How To Help Your Child Stay Emotionally Healthy During A Custody Dispute

Working to get custody of your child can be stressful for everyone involved, but it can also be hard on the child. The time of indecision and the reduced security of parenthood can make it a troubling emotional time. As a parent fighting for custody, there are some things you can do to help your child manage the stress. 

1. Focus on your relationship

It's too easy to allow the distraction of court dates and the time meeting with lawyers to cut into the time you have to spend with your child. However, the more time you spend with them, the more secure they will feel about the upheaval. Schedule time together. If you have visitation hours, make them a priority and don't miss visits. Call your child on the phone if they do not live with you, send encouraging cards and letters, and attend important events like sports games, music performances, and dance recitals.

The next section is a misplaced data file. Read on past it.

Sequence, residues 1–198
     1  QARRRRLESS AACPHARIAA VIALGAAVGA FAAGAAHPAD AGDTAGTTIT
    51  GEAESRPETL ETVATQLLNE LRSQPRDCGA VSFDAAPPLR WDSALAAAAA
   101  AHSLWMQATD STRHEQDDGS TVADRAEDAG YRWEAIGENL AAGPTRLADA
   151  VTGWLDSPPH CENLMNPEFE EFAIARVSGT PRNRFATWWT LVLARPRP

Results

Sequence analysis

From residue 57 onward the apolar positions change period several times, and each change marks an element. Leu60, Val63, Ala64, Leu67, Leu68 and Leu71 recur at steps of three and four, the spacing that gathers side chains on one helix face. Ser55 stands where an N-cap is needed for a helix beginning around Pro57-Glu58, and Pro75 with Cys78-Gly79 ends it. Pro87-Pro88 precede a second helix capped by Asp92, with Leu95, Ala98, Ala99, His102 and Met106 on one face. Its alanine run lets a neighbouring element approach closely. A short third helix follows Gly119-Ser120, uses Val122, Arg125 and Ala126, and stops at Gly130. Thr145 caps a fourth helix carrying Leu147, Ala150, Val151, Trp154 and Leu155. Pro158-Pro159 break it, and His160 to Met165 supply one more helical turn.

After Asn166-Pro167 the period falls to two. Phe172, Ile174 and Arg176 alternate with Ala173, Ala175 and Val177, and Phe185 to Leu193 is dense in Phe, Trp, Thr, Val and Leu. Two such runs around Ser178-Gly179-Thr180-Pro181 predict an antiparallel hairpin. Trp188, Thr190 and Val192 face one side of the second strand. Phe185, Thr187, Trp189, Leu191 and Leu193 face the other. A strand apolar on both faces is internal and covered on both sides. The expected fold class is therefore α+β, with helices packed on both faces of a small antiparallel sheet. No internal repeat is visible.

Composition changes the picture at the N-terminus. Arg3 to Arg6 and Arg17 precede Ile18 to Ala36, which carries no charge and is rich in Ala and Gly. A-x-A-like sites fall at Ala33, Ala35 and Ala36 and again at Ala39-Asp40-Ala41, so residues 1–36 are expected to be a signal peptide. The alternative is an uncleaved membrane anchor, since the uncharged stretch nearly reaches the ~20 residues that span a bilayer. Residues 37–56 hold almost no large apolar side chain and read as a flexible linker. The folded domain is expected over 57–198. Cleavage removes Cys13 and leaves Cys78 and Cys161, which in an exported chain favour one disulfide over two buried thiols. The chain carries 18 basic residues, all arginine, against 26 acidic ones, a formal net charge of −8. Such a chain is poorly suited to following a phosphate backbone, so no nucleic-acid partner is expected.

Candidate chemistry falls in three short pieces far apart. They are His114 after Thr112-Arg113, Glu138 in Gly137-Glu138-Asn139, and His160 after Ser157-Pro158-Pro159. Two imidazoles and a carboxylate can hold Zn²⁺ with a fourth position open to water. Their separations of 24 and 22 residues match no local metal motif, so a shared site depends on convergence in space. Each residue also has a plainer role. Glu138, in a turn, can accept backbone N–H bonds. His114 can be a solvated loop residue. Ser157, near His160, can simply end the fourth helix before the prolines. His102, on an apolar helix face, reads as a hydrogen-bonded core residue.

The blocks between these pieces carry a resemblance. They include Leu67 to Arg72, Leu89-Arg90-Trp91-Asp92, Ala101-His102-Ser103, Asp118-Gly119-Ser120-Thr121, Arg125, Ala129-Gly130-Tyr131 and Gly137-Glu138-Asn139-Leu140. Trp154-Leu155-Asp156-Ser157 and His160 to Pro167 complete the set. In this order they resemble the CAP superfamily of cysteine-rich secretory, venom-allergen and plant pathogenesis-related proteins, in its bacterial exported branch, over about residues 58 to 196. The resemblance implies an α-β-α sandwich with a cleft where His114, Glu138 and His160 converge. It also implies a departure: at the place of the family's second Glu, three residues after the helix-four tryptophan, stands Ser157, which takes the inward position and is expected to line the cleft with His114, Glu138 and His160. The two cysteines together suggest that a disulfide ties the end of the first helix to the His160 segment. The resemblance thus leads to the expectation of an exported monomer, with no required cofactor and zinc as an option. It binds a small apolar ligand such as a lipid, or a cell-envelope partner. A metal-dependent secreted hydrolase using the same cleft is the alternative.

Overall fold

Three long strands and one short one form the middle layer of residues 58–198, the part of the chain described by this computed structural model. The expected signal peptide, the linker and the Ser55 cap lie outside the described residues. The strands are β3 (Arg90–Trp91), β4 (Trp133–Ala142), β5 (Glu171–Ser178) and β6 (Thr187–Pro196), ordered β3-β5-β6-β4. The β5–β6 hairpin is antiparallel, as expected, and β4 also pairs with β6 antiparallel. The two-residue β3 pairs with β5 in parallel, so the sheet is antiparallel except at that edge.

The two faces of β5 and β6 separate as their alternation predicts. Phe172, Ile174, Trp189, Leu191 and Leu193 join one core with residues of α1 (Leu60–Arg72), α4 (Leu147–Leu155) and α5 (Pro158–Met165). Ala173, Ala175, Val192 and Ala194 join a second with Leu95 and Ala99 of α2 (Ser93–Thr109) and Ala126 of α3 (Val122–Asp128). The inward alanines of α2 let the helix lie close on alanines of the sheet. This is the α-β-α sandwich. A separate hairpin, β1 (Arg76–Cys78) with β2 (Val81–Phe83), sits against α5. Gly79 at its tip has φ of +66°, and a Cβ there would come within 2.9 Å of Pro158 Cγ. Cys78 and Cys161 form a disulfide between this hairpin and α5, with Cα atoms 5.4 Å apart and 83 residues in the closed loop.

2. Stay positive, even about the other parent

Try not to speak badly of the other parent when you're working toward gaining sole or partial custody. Children often have complex loving feelings toward both parents, and it can be hard for them to hear things that make them think they need to be loyal to one parent or the other. They have a desire to please, and they do not see things from an adult perspective. For example, a child doesn't see that a father is not providing child support or that a mother prioritizes her work overtime with children. They often see more positives than negatives and can be confused by arguments for or against loyalty based on adult logic. 

3. Keep their schedules consistent as much as possible

Try not to interrupt your child's regular schedule. Try to keep everything as consistent as you can, including babysitters homes, daycare times, and even after school activities. Children feel more in control if they have something they can count on. If possible, work the custody agreement in a way that provides the least upheaval possible to your child.

4. Go to counseling

Finally, it can be helpful for a child to speak with a counselor about the changes in the family. Your child may not know how to speak to you about some of their fears, but speaking to a professional can help your child have an outlet for some of the stress they might feel. 

Contact your local child custody attorney for more information and assistance.